From start to finish, every step in the process of dishwashing is critical to maintain food safety and efficient operation.
Proper dishroom operation is a combination of an effective machine and effective practices. Here are some “critical control points” from the experts to make your dishroom run more efficiently.
All dishroom staff should be fully trained in both machine operations and food safety procedures. Wall charts and training videos from the manufacturer posted in the dishroom can be helpful. “Training of the operators is the most important thing. We even put a QR code on the machine so they can use their smartphone and go right to the video.” – Joel Hipp, Engineering Manager, Hobart Warewashing Division
For the most effective cleaning, large food particles and heavy food soil should be scraped off before dishes are placed in the machine to reduce the chance of rewash after a cycle. When dishes aren’t prescraped properly, “you could have pathogens within food debris that are still on the plates or utensils.” – Vito Palazzolo, Manager of Industry Relationships, National Restaurant Association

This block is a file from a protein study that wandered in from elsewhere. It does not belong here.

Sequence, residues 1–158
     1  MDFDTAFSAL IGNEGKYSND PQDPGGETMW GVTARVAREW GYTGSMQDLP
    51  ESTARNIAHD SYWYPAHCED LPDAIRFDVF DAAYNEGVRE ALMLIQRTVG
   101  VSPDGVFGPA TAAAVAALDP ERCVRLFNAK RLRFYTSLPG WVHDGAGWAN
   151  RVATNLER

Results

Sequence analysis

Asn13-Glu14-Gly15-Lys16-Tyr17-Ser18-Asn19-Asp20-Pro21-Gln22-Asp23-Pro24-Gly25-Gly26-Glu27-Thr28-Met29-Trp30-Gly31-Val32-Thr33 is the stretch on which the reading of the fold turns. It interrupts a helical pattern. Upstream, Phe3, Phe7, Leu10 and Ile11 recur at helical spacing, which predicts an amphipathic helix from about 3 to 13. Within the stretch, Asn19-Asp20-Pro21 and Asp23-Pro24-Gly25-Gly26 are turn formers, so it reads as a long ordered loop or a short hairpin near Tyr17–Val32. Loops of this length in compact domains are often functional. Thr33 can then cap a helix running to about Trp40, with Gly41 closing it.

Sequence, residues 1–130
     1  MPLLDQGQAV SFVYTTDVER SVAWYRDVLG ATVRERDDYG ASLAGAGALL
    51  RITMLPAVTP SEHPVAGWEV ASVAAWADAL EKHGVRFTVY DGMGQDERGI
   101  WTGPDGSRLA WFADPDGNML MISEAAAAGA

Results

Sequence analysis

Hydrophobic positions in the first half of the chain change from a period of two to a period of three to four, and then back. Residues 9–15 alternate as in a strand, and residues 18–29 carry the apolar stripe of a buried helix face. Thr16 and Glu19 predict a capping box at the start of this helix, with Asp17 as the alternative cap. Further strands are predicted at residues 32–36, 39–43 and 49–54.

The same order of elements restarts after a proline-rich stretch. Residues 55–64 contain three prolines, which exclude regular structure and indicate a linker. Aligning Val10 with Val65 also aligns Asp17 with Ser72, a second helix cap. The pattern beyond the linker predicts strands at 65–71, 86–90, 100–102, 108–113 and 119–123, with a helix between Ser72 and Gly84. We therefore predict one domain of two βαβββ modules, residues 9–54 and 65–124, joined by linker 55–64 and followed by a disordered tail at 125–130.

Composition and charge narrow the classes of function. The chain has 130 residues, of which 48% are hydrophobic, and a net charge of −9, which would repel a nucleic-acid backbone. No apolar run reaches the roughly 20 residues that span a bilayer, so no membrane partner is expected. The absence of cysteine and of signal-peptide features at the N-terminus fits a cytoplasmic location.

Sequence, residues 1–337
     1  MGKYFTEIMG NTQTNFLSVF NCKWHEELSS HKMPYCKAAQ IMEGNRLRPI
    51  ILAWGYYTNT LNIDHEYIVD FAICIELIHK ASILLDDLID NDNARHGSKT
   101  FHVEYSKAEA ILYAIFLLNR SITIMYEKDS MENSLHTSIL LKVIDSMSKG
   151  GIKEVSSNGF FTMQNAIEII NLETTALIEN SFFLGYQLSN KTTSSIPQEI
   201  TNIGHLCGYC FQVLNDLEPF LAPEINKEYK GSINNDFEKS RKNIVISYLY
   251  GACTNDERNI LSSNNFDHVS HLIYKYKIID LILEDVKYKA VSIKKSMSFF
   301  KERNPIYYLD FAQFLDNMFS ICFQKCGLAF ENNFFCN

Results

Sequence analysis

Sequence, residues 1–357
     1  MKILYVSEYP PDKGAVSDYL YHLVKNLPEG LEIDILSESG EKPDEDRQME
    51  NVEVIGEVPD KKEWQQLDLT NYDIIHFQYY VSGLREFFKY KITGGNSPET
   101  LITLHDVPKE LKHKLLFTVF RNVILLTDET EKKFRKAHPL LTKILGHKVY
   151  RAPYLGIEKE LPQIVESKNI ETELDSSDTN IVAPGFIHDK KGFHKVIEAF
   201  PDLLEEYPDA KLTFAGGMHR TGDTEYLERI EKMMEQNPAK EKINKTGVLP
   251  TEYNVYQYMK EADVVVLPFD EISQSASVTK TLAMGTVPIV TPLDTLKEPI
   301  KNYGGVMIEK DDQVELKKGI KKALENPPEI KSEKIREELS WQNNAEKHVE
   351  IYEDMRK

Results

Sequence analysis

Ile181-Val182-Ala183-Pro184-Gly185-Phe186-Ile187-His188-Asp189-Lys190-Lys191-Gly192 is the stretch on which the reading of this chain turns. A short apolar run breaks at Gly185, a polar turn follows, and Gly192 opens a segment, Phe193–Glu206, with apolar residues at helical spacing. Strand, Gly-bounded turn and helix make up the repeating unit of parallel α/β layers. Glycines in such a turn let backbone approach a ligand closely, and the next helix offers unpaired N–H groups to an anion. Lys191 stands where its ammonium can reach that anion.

For hot water-sanitizing machines, ensure that the water is at the correct temperature as noted in the manufacturer’s specifications. For all machines (high temp and chemical sanitizing), “make sure you’re using the right chemicals [at the right concentration] as recommended by the [chemical] manufacturer to get the desired results for cleaning and sanitation.” – Orsi Dèszi, Business Unit Manager, Food Equipment, NSF International
Daily cleaning of the dishmachine not only helps ensure longer and better performance from the machine, it also helps reduce the chances of rewash and contamination. “When you spend a little bit of time on it every day versus once every few weeks, you’re going to get better results from the machine.” – Alan Risher, Sales Development Manager, Hobart Warewashing Division
Dishes and ware should be allowed to air dry completely after being washed and sanitized. They should never be dried off with a cloth or stacked before they are completely dry. “You’ve got a machine that’s certified to sanitize and now you’re possibly introducing a source of contamination back onto a dish that you’ve just sanitized.” – Michael Kohler, Associate Technical Director – Food Equipment, NSF
Learn more about Hobart commercial dishwashers at hobartcorp.com.